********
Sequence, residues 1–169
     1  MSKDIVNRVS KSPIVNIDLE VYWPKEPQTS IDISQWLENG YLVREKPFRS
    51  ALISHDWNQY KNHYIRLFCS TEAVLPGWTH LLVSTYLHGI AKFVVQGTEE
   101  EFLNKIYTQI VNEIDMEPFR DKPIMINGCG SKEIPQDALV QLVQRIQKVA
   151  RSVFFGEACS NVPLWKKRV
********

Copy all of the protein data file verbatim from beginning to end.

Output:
Sequence, residues 1–169
     1  MSKDIVNRVS KSPIVNIDLE VYWPKEPQTS IDISQWLENG YLVREKPFRS
    51  ALISHDWNQY KNHYIRLFCS TEAVLPGWTH LLVSTYLHGI AKFVVQGTEE
   101  EFLNKIYTQI VNEIDMEPFR DKPIMINGCG SKEIPQDALV QLVQRIQKVA
   151  RSVFFGEACS NVPLWKKRV